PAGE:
7. The tourniquet of claim 2, wherein the strap comprises two strap portions, each strap portion having one end attached to the tensioning mechanism and an opposite end attached to the other strap portion by a cinching mechanism.
8. The tourniquet of claim 7, wherein the cinching mechanism comprises a pair of D-rings.
9. A tourniquet comprising:
a strap; and
a tensioning mechanism coupled to the strap, constructed and arranged to increase and decrease tension applied by the tourniquet.
10. The tourniquet of claim 9, wherein the tensioning mechanism comprises
a housing,
an arbor coupled to the housing, and connected to an end of the strap, and
a crank assembly coupled to the arbor.
11. The tourniquet of claim 10, wherein the crank assembly comprises a crank, and at least one gear mechanism coupled to the crank and to the arbor.
12. The tourniquet of claim 11, wherein the at least one gear mechanism comprises a worm shaft coupled to one of the crank and the arbor and a worm wheel coupled to the other of the crank and the arbor.
13. The tourniquet of claim 11, wherein the crank is movable between a use position in which the crank may be manipulated to increase and decrease the tension applied by the strap, and a stowed position in which the crank is substantially concealed.
14. The tourniquet of claim 11, wherein the at least one gear mechanism is adapted to translate rotational motion applied to the crank to linear motion applied to the strap.
15. The tourniquet of claim 11, further comprising a quick-release device to disengage the at least one gear mechanism from the arbor.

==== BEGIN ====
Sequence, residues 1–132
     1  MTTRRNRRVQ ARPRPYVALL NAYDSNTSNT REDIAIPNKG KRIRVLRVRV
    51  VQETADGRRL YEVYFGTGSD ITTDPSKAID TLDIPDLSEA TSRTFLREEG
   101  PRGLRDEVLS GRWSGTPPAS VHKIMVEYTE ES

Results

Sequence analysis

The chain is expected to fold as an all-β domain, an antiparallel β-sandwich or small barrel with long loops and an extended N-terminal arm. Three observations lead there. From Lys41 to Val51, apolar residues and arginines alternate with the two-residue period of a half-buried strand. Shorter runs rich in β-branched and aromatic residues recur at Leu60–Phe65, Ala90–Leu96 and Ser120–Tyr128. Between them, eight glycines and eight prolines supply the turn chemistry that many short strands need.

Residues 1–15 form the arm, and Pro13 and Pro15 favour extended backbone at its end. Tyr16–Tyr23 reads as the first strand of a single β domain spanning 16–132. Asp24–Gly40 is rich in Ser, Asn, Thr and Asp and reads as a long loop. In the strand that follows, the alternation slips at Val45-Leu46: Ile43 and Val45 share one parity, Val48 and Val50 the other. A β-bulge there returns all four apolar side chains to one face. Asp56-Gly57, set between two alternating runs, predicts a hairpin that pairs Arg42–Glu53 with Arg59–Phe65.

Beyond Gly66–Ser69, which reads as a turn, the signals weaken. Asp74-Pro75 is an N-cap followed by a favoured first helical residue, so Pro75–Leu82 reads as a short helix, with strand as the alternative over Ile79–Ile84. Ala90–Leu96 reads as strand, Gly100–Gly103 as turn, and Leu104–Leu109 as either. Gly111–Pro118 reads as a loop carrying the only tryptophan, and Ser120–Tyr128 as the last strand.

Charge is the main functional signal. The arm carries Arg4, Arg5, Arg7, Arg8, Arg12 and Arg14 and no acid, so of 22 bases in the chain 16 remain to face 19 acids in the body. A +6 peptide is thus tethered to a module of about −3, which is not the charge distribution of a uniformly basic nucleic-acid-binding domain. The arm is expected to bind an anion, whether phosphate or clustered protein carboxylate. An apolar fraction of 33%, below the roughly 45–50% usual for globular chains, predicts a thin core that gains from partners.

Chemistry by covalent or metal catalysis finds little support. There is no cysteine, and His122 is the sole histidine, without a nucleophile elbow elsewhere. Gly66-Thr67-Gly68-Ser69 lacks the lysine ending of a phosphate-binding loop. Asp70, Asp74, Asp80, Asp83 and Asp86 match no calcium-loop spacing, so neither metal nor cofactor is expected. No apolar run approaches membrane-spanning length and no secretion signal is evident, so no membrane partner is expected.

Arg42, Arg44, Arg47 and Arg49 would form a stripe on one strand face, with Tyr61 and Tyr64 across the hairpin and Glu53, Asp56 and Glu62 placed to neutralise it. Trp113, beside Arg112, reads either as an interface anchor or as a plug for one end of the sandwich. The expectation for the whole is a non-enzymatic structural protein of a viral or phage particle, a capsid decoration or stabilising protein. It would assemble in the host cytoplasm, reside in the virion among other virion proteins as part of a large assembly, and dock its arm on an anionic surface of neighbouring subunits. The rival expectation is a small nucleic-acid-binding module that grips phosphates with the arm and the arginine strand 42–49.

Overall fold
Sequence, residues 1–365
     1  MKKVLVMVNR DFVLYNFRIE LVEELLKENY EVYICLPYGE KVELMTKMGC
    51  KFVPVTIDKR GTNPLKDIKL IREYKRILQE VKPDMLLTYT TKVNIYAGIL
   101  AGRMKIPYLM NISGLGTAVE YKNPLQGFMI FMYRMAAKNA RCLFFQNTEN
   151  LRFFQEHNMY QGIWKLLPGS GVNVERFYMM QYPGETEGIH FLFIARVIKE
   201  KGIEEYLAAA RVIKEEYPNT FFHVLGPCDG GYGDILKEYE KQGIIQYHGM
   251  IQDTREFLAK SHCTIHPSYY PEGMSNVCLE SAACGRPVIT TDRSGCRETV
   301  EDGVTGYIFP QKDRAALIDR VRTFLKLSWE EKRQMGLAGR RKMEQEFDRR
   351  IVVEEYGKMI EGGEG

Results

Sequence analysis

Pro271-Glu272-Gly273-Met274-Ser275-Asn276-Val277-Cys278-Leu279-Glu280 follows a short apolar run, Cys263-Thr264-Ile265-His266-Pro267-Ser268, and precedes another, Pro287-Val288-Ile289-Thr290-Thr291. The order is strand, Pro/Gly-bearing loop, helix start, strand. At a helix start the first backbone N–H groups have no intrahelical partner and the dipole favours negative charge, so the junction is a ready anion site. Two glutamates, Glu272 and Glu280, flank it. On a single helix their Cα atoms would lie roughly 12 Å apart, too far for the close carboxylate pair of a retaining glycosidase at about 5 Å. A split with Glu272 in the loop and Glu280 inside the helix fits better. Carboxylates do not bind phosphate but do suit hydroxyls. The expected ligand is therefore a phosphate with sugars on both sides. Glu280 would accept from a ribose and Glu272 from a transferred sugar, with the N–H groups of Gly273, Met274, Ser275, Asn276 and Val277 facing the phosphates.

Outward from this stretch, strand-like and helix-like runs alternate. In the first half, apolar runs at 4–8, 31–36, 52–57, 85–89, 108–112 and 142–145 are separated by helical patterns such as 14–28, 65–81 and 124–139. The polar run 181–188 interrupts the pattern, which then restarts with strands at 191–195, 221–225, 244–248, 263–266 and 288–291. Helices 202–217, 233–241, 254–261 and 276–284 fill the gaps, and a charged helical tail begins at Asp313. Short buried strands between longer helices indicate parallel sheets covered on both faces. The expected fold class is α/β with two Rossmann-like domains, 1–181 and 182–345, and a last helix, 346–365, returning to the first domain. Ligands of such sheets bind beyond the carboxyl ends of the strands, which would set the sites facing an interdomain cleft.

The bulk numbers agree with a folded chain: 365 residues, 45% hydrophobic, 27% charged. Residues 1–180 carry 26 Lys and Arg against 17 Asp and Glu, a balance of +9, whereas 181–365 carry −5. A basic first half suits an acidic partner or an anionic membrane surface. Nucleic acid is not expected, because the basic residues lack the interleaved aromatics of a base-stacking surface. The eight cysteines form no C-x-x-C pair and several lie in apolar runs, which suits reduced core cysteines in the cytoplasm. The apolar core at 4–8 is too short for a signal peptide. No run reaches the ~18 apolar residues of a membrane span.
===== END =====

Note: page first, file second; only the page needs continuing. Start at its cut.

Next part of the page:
16. The tourniquet of claim 9, wherein the strap comprises two strap portions, each strap portion having one end attached to the tensioning mechanism and an opposite end attached to the other strap portion by a cinching mechanism.
17. The tourniquet of claim 16, wherein the cinching mechanism comprises a pair of D-rings.
18. The tourniquet of claim 16, further comprising a quick-attach mechanism.
19. A tourniquet comprising:
a strap; and
means for providing a continuous range of adjustment of tension applied by the tourniquet.
20. The tourniquet of claim 19, wherein the means for providing a continuous range of adjustment of tension comprises a tensioning mechanism.
21. The tourniquet of claim 20, wherein the tensioning mechanism comprises
a housing,
an arbor coupled to the housing, the arbor being connected to an end of the strap, and